Hot Search

Story of Hong Kong

20 related episodes
From a little fish village to an international financial centre, Hong Kong has experienced a lot of changes. We would like to invite you to look back to the history of Hong Kong, the story of our home.
Loading ...

《HONG KONG STORIES XIX - Our Classic Brands》 Who Brighten up the City?

2013-02-20

《HONG KONG STORIES XIX - Our Classic Brands》 Who Brighten up the City?

2013-02-20
After Hong Kong was opened up for trade, the construction of infrastructure increased tremendously, and two electric companies soon started providing light and other energies for this little city.

One of the early objectives of the establishment of the HK Electric was to support street lamps. In the late 19th century, a small-scale power plant was erected near Wing Fung Street and Star Street in Wan Chai. It did not have many customers and the demand of electricity was not high. Many local people were amazed by the street lamps outside the power plant, since they automatically switched on when the night fell. However, most of the conservative Chinese still used the old style coal oil or kerosene lamps for lighting purpose. Therefore, at the beginning, it was the westerners living in Mid-levels who asked for power supply, because they needed pump rooms and generators to bring water up to the Peak.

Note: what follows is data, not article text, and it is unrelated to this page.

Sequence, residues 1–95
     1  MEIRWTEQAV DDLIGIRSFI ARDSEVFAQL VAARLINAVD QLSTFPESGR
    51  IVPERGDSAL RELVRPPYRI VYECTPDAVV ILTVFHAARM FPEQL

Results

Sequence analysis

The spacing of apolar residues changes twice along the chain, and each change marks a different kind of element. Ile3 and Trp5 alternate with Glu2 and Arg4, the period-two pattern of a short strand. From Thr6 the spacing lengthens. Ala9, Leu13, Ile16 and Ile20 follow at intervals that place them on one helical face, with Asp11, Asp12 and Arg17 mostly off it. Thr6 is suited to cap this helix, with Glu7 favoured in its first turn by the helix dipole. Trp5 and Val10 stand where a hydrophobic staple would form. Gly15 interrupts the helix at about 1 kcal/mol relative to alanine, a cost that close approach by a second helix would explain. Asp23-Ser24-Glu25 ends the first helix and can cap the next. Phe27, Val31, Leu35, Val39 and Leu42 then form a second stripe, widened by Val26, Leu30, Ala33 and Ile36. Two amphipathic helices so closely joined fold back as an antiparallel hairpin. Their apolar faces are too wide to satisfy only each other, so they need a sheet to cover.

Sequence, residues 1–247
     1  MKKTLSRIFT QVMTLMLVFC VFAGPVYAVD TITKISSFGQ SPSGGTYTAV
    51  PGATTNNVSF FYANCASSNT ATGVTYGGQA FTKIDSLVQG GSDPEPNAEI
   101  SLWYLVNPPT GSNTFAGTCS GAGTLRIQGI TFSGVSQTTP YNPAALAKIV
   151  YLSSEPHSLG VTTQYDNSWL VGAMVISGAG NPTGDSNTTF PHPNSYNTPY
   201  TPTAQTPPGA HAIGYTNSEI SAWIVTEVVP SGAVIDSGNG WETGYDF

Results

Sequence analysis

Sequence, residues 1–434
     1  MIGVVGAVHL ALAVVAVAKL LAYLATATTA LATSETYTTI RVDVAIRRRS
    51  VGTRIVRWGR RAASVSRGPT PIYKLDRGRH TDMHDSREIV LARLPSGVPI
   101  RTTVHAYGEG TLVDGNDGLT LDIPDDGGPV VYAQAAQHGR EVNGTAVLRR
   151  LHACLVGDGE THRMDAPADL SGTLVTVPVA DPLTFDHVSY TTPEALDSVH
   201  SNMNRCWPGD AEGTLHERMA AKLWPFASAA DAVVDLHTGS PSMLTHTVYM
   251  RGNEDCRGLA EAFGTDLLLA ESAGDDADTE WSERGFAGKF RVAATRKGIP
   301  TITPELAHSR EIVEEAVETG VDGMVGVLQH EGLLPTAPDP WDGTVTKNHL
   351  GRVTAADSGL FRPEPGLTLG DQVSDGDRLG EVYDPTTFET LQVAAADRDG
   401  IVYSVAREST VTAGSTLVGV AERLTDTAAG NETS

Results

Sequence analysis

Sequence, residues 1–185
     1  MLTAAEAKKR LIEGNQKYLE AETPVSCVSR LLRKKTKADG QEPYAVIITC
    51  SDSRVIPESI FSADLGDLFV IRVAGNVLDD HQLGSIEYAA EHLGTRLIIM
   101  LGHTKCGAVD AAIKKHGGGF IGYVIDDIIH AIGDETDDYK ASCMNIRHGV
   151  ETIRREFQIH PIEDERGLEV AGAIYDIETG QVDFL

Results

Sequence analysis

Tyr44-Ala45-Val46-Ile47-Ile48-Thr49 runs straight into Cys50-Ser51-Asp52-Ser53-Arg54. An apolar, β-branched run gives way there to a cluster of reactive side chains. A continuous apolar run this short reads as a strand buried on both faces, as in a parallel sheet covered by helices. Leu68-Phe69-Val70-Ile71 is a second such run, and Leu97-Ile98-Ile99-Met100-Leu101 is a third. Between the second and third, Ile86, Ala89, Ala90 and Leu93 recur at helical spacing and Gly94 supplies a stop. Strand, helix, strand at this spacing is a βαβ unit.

In 1894, the bubonic plague in Hong Kong caused a high number of casualties. In order to encourage its citizens to fight against rats, the government attached bins to lampposts to collect dead rats. A small bin attached to a tall lamppost thus became a remarkable scene representing the dark moments of the city.

In the late 19th century, although the Hong Kong Island was already brightened up by electricity, Kowloon Peninsula was still in complete darkness after sunset. CLP established its first power plant in 1903 on Chatham Road, serving the most populated area at that time, Yau Ma Tei.

“Who Brighten up the City?” unfolds the story of the establishment of the two electric companies in Hong Kong, showing us how our city life has changed in the past century.
Back To Top